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A Quiet, Significant Life

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My great-uncle Bill passed away a couple years ago. And just a few weeks ago, his wife, my great-aunt Betty, passed away. They were both well into their nineties and had lived a good life. They had no children and, like many people, we learned a lot about them after their passing. Despite all the years we had known them, there was still so much more underneath for us to discover.



My dad (who was also named Bill because my grandpa respected his brother, Bill, so much) was the closest living relative to my great-uncle and great-aunt. A couple of weeks ago, I flew down to Southern California to help my dad go through the possessions in their modest Los Angeles home. I felt like I was uncovering a time capsule as I examined things from the past eighty years. In the digital age, life has changed so much. Bill and Betty had a record of their relationship through dozens of letters. For us, we’ll be remembered by our email and Facebook accounts. The experience really got me thinking about what my life will look like when I’ve passed and others are cleaning out the things of my life.

One of the more memorable items was a teaching credential from 1927 that, we learned later, belonged to Aunt Betty’s sister. Being a teacher myself, I found this especially meaningful. Betty’ sister received one of those extremely rare “lifetime” credentials that the state stopped issuing years ago. With dusty hands, I continued to dig through mountains of letters and memorabilia uncovering more and more history. A photo album from the late 1800s of tribal groups in the Philippines surfaced. Who traveled there and for what purpose? I’ll probably never know.

After serving in the Army during World War II, Uncle Bill became an executive producer for CBS Sports. Some of his most memorable experiences with CBS came when he covered the 1960 Winter Olympics in Lake Tahoe. He had the opportunity to meet Bruce Jenner, Ronald Reagan, and John Wayne. Later, he covered the recovery of three Apollo Space Mission Capsules. He had memorabilia from each of the recovery ships. Especially interesting was a small slip of paper from NASA, giving him permission to be on board as the person in charge of the media crew.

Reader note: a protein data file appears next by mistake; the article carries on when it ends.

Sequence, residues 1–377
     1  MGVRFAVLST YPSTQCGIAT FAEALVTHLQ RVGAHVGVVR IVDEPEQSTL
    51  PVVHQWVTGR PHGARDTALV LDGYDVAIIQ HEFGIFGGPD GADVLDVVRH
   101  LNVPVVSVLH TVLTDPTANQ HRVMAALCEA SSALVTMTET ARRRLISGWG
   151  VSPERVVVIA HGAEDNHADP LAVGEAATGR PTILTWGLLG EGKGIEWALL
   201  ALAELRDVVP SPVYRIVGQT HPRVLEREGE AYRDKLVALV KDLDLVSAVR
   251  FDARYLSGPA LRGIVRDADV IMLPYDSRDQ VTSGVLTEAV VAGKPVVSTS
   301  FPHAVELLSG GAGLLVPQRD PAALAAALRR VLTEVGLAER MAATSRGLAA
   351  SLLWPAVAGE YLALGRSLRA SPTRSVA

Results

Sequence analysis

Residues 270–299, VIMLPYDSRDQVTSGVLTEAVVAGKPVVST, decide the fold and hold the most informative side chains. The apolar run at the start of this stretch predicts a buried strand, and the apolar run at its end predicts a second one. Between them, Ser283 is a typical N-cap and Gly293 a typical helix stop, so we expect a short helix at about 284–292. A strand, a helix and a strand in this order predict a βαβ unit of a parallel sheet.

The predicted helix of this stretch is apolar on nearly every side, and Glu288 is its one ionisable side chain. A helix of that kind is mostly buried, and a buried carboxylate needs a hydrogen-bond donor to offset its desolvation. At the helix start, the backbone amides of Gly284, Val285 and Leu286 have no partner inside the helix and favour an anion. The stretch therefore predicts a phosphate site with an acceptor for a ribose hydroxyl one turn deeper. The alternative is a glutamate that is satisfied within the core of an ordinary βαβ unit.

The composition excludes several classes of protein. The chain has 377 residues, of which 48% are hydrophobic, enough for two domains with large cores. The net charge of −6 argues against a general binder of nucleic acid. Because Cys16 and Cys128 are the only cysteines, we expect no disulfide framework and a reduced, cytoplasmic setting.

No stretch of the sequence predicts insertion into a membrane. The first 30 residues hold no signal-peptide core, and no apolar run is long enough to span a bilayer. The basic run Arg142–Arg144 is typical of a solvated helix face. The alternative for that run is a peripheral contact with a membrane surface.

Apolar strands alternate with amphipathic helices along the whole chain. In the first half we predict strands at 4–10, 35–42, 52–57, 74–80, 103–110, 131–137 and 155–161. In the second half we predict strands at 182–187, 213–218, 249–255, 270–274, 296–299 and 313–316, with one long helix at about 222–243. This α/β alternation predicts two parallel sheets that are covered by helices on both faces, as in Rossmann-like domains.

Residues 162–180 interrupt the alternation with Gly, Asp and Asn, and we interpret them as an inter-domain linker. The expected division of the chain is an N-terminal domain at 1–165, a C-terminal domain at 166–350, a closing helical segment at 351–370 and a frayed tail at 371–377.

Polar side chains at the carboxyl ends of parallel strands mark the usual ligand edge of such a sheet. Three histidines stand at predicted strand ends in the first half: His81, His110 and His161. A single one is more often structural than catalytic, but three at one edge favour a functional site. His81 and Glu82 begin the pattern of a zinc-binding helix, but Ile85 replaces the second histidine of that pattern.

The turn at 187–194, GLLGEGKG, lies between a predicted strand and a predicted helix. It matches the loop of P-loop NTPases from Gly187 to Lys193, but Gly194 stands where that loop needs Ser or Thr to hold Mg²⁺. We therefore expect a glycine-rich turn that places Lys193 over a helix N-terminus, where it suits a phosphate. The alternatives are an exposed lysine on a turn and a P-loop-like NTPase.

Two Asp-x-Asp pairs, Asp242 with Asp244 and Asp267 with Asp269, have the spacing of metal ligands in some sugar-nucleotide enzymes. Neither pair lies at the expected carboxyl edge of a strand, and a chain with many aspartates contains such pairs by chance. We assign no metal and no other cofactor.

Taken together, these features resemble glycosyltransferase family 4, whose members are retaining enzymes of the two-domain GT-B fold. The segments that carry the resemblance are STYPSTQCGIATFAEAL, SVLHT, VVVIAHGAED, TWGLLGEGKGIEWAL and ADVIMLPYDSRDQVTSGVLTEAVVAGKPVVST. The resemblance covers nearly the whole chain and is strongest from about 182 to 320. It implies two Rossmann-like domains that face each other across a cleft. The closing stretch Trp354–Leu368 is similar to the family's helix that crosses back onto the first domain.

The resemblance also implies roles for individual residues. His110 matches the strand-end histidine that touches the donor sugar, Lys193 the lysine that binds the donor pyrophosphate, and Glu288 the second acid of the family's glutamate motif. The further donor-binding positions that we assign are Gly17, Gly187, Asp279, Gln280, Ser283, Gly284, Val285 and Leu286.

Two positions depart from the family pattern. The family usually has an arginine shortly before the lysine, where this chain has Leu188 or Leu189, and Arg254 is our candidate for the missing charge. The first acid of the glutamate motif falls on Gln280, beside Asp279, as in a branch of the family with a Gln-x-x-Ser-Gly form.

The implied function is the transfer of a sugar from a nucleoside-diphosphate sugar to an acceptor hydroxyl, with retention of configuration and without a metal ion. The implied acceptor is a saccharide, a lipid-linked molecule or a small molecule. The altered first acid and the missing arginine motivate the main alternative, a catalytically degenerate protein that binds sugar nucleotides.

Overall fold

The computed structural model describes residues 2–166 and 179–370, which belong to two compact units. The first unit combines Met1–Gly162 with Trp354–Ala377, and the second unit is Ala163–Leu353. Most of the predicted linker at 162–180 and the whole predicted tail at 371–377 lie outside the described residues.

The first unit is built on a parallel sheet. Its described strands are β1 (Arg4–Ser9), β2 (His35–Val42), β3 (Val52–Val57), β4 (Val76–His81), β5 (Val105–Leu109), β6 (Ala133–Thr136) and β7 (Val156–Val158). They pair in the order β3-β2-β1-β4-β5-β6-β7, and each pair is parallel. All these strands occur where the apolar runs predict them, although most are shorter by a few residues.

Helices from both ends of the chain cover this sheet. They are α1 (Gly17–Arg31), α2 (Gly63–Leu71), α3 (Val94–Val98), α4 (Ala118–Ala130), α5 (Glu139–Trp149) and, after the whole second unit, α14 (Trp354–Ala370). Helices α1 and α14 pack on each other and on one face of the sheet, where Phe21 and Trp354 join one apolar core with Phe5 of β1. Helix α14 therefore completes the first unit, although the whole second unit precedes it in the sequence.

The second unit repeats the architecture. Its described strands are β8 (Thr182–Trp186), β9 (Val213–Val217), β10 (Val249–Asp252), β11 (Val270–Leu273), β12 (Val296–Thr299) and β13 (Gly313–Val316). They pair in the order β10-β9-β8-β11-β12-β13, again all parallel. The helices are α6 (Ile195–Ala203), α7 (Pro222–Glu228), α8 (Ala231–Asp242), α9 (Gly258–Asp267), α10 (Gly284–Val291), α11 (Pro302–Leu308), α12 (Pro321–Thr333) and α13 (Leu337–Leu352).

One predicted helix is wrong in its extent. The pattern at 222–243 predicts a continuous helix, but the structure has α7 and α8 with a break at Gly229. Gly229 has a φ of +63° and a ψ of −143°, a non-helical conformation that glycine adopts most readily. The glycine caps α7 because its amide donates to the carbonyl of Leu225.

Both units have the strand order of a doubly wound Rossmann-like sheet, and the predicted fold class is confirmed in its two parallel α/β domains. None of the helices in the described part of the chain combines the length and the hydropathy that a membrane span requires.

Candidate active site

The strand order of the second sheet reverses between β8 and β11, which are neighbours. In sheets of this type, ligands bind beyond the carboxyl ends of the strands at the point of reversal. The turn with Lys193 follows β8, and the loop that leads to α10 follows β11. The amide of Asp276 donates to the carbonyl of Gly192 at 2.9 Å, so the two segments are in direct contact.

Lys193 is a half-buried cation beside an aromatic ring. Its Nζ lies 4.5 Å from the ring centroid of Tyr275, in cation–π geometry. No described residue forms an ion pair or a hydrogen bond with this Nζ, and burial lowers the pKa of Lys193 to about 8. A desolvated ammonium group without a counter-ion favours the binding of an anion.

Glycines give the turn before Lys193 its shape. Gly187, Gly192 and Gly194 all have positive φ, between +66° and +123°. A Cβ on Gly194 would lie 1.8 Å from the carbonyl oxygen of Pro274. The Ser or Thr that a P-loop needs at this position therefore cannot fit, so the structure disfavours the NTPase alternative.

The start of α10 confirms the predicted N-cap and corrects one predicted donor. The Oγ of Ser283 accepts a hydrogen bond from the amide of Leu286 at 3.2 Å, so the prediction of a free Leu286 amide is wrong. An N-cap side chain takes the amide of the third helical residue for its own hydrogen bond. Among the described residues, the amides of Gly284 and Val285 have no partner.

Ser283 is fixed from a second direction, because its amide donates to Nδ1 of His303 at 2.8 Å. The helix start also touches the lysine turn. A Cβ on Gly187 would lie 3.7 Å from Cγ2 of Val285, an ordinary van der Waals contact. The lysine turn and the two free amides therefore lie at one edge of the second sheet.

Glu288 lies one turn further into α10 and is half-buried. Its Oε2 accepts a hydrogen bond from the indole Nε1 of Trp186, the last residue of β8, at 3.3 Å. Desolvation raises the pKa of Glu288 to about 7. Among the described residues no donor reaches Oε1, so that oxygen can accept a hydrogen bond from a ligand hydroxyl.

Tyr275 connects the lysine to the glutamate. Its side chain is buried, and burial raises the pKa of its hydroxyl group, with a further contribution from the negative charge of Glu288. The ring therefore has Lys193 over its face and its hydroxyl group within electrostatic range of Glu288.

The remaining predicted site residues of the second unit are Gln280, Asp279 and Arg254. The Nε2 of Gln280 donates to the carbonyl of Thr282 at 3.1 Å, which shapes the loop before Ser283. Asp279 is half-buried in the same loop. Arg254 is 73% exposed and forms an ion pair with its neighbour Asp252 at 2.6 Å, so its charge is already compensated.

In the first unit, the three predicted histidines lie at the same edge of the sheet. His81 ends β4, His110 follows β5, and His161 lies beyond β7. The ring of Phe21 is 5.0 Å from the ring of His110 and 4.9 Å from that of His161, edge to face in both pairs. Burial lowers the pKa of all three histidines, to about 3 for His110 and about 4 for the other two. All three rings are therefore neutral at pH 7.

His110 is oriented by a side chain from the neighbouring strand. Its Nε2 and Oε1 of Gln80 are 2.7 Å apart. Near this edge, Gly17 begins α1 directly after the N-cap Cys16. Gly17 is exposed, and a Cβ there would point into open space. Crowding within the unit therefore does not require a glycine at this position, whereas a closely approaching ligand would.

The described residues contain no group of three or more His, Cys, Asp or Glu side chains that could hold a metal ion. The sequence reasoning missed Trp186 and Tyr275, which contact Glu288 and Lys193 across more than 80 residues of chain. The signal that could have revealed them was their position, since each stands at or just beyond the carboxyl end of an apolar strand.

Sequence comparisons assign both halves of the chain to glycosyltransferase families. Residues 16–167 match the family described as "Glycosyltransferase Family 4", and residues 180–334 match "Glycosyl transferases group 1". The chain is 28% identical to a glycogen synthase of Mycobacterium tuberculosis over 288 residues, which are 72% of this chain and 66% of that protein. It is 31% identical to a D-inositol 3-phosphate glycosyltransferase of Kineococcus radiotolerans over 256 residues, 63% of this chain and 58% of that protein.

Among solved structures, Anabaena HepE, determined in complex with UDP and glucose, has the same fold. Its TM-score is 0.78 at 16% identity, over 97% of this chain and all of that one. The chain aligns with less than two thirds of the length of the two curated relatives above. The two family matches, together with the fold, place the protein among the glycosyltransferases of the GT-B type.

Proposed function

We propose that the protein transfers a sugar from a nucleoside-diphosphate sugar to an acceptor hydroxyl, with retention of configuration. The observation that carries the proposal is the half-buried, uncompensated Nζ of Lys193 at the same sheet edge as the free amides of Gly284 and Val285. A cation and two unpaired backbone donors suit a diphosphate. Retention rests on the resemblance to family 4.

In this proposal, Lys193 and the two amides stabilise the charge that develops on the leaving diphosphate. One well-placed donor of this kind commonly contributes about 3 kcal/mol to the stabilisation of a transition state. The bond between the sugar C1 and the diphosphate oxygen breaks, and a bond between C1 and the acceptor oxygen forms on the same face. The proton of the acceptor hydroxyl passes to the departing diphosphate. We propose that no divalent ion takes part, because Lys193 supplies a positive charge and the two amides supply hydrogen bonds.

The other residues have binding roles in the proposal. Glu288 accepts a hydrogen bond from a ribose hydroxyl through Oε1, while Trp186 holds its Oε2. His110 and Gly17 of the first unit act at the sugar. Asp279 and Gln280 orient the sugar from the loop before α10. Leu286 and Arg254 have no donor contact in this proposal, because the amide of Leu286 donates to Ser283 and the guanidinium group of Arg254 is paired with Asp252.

My Uncle Bill was a tinkerer, like myself. I think it runs in the family, as my grandfather was one and my dad is as well. Rumor has it that, while covering an Apollo recovery mission, one of the media crew’s cameras malfunctioned. With his soldering iron, Uncle Bill single-handedly saved the day and brought history to the world!

We found his briefcase stashed high up in a closet, frozen in time from when he put it there at his retirement in the late 1980s. There was an old script from the 1987 NBA championships inside. He witnessed the dream-team days of the LA Lakers, calling the camera shots from the media trailer in the parking lot. He was there when TV networks switched from black-and-white to color. Around the time of his retirement, broadcast technology was beginning to become digitized.

Out of all of Uncle Bill’s accomplishments and accolades, most of which we only learned about after his passing, the biggest surprise was a Bible we found on top of the other items in his briefcase. We had never known Bill and Betty as “religious” folks concerned with spiritual things. The discovery of the Bible made my father and I wonder what role faith had played in their lives. I grew up in a Christian family, and faith was a huge part of my upbringing. I wonder if knowing we had a common faith would have brought Uncle Bill and me together in ways we could not have imagined.

Looking through all the memorabilia from Uncle Bill’s life and discovering so many new things made me realize the importance of going deep with people when you have the chance. Superficial relationships seem to be the norm these days. But as we live a life of faith, we’re challenged to dig deeper with those we’re in faith-based fellowship with, including coworkers and especially family. I may have missed my chance with my great-uncle, but he left me with this life lesson.




Rick Schertle has taught middle school social studies and language arts in San Jose for nineteen years. He is a lifelong tinkerer and a contributing writer to MAKE Magazine. Rick is director of The River's Washington Maker Workshop. He, his wife, and his kids love backpacking, good books, and world travel.



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